Gone in 15 seconds

Watch this bike thief defeat what looks like two separate locks in probably less than 15 seconds:

Contact info is on the YouTube page if you happen to have any helpful info for the victim.

1K Attend Mission Crit

Estimates indicate more than 1,000 lined the half mile race course earlier this evening for what was possibly the first legal bike race to take place in the Mission.

76 racers competed in two races that lasted about 40 minutes each.

“There was one crash but it was minor” said volunteer, Stephen Grady. “It seemed to be very well taken care of. The paramedics were on it but everybody walked away from it.”

Nearing the final lap, Marc Marino about to overtake his friend Chas Christiansen.

$700 in cash prizes were distributed to the podium finishers of both the women’s and men’s races.

Winners – Women’s

  • 1st Veronika Volok
  • 2nd Kora Colasuonno
  • 3rd Christina Peck

Winners – Men’s

  • 1st Manuel Barra
  • 2nd Marc Marino
  • 3rd Chas Christiansen


1st Legal Bike Race in the Mission. Ever?

This Saturday about +70 people will be racing what may be the first fully legal, closed course bike race in the Mission District. Ever.

In NIMBY, USA it’s a miracle out of scripture that Mission Crit organizer, James Grady, was permitted (literally) to carve out a triangular velodrome on a Saturday night.

The total cost to produce the race is nearing $10,000, which is coming from a handful of sponsors and a crowdfunding campaign. In an unconventional move, the SFMTA agreed to waive the $30,000 fee normally charged to reroute buses. Some members of ISCOTT, the committee that regulates street closure permits, “were dumbstruck,” Grady said. Race registration fees go towards cash prizes for the winners.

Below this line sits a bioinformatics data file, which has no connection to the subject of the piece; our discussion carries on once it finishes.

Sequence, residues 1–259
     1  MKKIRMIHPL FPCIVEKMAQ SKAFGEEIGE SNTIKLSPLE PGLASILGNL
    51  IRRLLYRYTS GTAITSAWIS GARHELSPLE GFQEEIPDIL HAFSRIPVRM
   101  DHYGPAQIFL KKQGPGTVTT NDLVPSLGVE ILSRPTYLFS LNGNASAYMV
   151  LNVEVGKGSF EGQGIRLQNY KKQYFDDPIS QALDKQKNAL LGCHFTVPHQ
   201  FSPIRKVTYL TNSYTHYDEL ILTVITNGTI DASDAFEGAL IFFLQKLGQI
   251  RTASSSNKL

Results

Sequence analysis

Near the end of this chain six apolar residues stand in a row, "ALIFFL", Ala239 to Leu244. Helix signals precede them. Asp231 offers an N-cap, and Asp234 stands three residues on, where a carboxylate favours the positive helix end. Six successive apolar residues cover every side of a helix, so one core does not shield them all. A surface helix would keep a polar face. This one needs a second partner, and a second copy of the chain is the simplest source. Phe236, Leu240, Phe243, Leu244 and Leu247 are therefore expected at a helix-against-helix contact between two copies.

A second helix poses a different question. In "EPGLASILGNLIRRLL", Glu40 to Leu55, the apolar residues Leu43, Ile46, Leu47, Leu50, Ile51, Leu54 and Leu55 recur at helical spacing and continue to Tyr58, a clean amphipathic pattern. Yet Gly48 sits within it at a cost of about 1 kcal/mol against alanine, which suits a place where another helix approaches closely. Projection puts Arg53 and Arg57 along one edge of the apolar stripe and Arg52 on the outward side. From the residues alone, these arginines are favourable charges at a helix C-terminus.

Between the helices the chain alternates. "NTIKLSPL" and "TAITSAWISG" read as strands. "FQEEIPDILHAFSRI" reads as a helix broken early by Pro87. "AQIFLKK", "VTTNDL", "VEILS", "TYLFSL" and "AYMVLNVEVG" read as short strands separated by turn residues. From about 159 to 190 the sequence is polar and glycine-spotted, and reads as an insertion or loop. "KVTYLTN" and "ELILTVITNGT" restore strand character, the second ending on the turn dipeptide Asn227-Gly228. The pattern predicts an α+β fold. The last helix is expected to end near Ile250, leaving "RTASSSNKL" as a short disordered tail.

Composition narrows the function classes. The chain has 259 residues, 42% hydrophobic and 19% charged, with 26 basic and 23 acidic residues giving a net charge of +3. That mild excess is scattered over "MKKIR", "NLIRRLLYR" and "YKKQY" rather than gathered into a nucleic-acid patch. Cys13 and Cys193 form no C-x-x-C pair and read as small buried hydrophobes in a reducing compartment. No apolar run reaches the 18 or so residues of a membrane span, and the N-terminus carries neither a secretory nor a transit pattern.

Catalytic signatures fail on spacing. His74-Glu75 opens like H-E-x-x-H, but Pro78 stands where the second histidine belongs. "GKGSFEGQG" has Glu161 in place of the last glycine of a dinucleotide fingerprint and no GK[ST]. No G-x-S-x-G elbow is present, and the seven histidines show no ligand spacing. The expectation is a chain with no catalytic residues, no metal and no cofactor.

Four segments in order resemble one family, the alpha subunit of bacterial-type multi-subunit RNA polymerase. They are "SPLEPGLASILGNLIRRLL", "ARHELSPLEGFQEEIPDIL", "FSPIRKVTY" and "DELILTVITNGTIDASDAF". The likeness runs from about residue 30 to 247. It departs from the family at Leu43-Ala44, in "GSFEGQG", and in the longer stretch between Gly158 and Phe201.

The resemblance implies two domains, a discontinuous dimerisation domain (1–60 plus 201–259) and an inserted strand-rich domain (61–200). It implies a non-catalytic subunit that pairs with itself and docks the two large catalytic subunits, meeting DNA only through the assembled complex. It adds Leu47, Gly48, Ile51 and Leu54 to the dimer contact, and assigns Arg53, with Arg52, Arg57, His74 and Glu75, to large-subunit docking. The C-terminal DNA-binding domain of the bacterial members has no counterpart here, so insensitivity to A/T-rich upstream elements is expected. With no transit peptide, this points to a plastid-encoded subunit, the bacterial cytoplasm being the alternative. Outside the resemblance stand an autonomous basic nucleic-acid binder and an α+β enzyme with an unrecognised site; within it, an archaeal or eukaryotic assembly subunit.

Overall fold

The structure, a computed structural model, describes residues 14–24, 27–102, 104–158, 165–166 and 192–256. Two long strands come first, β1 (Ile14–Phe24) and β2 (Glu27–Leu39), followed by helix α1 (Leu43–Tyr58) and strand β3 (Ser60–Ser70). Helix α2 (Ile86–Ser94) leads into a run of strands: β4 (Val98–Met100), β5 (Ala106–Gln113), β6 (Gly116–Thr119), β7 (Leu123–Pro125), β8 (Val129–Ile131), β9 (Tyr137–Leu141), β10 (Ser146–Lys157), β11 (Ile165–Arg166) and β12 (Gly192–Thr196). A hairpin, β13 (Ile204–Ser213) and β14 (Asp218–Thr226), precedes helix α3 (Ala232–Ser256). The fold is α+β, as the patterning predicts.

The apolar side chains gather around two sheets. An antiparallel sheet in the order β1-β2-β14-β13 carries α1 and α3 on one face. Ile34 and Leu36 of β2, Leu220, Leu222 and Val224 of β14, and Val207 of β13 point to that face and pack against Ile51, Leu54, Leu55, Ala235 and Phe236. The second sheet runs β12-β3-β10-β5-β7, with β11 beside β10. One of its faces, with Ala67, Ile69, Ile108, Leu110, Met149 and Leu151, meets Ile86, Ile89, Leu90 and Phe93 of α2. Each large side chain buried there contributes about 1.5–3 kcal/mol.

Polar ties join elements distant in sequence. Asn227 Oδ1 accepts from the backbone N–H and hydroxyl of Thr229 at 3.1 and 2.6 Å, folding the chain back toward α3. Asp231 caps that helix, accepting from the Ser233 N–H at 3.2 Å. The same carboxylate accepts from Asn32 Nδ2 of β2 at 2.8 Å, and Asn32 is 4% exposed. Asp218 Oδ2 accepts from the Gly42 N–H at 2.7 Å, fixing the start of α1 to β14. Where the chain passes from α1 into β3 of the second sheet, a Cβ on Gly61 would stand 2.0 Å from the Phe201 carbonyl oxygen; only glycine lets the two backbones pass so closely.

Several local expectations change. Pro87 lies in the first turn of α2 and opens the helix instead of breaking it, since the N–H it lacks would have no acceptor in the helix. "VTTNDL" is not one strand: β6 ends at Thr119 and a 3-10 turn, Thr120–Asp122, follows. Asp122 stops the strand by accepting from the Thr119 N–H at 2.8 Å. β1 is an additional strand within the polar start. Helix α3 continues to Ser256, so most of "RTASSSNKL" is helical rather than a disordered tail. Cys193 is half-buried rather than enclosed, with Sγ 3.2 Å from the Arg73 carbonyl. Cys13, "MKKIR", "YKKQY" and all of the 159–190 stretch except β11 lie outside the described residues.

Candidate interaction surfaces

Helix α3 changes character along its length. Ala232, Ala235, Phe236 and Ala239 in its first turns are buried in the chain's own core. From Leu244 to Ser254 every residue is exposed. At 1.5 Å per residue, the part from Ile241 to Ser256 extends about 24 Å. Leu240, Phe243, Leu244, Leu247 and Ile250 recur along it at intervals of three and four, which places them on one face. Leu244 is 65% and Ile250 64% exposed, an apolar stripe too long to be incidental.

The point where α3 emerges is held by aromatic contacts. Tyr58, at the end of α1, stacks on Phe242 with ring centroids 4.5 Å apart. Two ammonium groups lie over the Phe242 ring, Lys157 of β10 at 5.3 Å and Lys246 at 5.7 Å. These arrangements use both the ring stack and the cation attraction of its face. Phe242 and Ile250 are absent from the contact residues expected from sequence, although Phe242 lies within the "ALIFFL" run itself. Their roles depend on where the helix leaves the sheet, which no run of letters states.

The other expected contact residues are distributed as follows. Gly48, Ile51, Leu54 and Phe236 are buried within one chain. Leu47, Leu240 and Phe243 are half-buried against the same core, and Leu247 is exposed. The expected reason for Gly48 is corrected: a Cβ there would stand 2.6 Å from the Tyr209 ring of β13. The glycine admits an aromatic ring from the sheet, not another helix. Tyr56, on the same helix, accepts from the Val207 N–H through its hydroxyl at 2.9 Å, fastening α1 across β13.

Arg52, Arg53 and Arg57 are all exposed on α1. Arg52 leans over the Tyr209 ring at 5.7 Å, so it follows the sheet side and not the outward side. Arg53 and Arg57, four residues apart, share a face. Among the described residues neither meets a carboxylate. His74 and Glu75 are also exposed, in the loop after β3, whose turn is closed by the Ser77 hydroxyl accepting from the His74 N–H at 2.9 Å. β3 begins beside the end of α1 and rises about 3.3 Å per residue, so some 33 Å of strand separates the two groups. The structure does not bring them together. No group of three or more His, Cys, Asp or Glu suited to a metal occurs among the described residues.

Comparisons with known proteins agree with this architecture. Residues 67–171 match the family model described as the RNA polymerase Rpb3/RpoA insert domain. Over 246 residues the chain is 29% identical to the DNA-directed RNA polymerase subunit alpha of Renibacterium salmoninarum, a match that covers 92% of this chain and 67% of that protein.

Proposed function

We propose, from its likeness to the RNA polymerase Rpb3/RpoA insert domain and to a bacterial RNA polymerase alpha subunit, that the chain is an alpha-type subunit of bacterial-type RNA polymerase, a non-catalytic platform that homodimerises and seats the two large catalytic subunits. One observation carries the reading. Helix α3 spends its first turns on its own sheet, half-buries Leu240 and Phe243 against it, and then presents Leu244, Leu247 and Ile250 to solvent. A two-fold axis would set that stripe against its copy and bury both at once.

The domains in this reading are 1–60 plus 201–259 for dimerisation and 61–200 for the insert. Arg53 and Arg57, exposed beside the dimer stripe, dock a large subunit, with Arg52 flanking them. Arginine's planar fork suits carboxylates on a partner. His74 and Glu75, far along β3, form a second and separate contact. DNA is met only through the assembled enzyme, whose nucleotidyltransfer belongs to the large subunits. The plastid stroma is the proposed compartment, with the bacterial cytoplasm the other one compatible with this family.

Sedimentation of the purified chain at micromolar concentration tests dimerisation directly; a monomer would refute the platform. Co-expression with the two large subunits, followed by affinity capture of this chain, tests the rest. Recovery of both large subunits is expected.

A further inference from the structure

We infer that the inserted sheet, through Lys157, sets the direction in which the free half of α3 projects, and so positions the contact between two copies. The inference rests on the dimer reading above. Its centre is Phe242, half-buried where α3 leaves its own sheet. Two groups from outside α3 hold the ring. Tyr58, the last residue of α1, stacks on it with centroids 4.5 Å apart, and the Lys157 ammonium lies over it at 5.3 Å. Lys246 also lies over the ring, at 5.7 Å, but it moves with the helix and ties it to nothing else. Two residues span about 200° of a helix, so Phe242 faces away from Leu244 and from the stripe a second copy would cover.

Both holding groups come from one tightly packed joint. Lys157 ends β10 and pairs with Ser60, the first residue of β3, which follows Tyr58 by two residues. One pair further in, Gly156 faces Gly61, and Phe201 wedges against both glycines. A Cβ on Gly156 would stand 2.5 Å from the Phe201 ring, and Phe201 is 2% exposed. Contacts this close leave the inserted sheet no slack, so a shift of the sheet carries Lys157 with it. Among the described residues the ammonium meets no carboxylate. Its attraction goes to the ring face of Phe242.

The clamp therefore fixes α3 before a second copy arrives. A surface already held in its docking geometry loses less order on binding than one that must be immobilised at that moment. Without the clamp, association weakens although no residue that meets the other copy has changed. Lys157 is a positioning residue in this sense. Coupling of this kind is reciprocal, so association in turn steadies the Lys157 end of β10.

Mission Crit features two 120 degree turns. Spectating should be good and harrowing.

Spectators can buy tickets to win prizes like Kryptonite locks, Tshirts, and GoPro cameras. Proceeds go to the San Francisco Bicycle Messenger Association’s Broken Bones Fund, which helps messengers in times of need.

Last year’s Mission Crit featured 20 racers in a parking lot. This year the mens race sold out and has a waiting list of 17. Two teams are coming up from Los Angeles.

In organizing the event, what was most remarkable for Grady was, “how supportive the Bay Area bicycle community is. I’m just a guy with an idea. This could not have happened without the overwhelming support of the community.”

Sunday’s 60 Minutes piece on the other coast’s brakeless fixed crit.

Like any track race on a real velodrome, all bikes are fixed (no coasting). And while it may seem counterintuitive, riding brakeless is essential to the participants safety.

“There’s been a dramatic increase in the popularity of cycling but there are very few opportunities to see an actual bicycle race” Grady said, explaining his motive for organizing the race. “The goal of the Mission Crit is to promote cycling and community.”